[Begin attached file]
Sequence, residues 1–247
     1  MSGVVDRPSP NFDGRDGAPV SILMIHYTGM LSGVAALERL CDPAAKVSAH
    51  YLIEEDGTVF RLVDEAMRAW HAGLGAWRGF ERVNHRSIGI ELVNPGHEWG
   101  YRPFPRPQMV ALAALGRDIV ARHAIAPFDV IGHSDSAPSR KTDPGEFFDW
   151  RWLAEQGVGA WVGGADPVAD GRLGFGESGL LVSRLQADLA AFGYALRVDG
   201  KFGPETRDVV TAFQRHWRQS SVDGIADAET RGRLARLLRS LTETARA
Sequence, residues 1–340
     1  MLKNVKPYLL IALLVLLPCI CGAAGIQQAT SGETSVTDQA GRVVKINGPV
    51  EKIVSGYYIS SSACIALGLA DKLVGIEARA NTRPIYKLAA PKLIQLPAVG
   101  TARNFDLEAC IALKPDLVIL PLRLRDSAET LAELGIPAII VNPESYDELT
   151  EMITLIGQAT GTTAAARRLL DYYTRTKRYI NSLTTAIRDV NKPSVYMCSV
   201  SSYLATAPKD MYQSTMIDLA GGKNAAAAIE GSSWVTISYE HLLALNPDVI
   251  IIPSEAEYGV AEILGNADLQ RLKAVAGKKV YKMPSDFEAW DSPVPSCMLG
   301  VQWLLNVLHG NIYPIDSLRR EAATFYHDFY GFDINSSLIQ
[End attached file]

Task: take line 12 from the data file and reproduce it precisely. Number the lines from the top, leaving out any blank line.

   201  SSYLATAPKD MYQSTMIDLA GGKNAAAAIE GSSWVTISYE HLLALNPDVI